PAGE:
Via Rumford and Oslo, Southam’s Career Winds Down

Nathaniel HerzNovember 9, 2010
James Southam racing at the Canmore World Cup last February. Photo, Win Goodbody.

Since the spring, the International Ski Federation’s website has been counting down the days until the World Cup opener. Organizers of the 2011 World Ski Championships in Oslo are quick to inform fans that there are just over three months until the start of that event. But in Alaska, there’s another clock that’s been ticking more quietly: the one counting down the days until the end of James Southam’s career.

Southam, who trains in Anchorage with Alaska Pacific University, will retire in April after two Olympic appearances, five national championships, and more than a decade in the sport. But he still has some unfinished business to take care of this season, in a Maine mill town and a certain Norwegian metropolis.

In an interview Monday, Southam said that he’s ahead of schedule in his preparation for the year—he has 30 or 40 more hours of training under his belt than he did this time last fall, and he’s also notched some personal bests on his interval courses.

Over the past couple of seasons, Southam has been working to improve his endurance for 30 and 50 k races, but this year, his focus has shifted back to power.

“I’ve spent so much time over the last couple of years trying to get better at the longer-distance stuff that it’s kind of sacrificed how I ski in the shorter races,” he said.

For Southam, that has meant a return—at least partially—to the intensity block-style training regimen that he adhered to when working with Torbjorn Karlsen in the middle of the decade. More level four intervals, Southam said, should help for the shorter races, and they also will leave him better-prepared for when the pace surges in 30 and 50 ks.

James Southam in the 15 k freestyle race at last year's national championships in Anchorage. Photo, Rob Whitney.

While he contemplated an early-season trip to Finland with the American group subsidized by the National Cross-Country Ski Education Foundation, Southam ultimately decided to stay closer to home in November and December, racing SuperTours in West Yellowstone and Nor-Ams in Canada.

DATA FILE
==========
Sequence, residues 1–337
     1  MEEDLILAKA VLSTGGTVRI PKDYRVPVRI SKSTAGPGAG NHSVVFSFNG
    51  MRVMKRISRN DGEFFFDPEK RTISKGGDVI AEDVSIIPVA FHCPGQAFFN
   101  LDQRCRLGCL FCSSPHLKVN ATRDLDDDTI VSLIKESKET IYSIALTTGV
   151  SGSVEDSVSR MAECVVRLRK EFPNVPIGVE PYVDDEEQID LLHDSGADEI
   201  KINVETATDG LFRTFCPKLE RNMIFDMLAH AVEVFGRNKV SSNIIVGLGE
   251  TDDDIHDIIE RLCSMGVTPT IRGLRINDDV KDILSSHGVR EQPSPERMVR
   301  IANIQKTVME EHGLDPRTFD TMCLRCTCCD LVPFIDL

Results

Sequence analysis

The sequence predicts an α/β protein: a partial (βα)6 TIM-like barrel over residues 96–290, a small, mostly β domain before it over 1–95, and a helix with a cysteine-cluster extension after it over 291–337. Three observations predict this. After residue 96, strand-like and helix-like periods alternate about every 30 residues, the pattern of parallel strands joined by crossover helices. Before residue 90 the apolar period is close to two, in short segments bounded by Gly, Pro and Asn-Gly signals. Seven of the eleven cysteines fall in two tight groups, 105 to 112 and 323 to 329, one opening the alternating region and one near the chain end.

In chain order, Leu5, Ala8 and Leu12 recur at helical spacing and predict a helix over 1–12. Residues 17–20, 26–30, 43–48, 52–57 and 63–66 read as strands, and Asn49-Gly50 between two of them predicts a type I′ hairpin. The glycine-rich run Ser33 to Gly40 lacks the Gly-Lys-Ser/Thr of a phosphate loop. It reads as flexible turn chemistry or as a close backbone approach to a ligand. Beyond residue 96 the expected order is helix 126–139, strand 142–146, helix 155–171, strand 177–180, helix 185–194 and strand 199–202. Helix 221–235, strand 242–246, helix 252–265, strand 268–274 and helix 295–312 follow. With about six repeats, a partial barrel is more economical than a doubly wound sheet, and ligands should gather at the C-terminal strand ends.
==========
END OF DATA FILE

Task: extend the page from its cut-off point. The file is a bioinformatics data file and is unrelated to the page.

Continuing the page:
His real targets for the season are a win (or wins) at the U.S. National Championships in Rumford, Maine, and strong results at World Championships in Oslo.

“This being my last year, I’m not out trying to gain the most experience,” he said. “It’s just go in firing on all cylinders, and throw down some really good performances when I do race.”

When the season wraps up after the SuperTour Finals in Idaho, Southam said that he’ll be taking a break from the sport for “at least a couple of years.” Eventually, though, Southam plans to get back into coaching.

“I just think it’s important for people in my position to fill that role, on some level,” he said.

Another way Southam will remain involved is through his role as a U.S. Ski and Snowboard Association athlete representative. With two and a half years remaining in a three-year term, Southam said he plans to advocate for better support for the people left off the U.S. Ski Team that can still compete with the best in the world.

“Having someone who’s had to kind of fight for all their opportunities as a non-national team athlete—I think it’s critical to have…that voice in the discussion,” he said. “I think those athletes should get a little bit more World Cup experience than they do right now.”

Southam also said that he will push for the development of more challenging courses around the country.

“Until we do that, people who spend their time racing in North America will always be at a disadvantage,” he said.

During his break from skiing, Southam will work at Skinny Raven Sports, a running store in Anchorage. He’s also planning on launching a business in the spring—though he refused to reveal any details.

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Nathaniel Herz

Nat Herz is an Alaska-based journalist who moonlights for FasterSkier as an occasional reporter and podcast host. He was FasterSkier's full-time reporter in 2010 and 2011.

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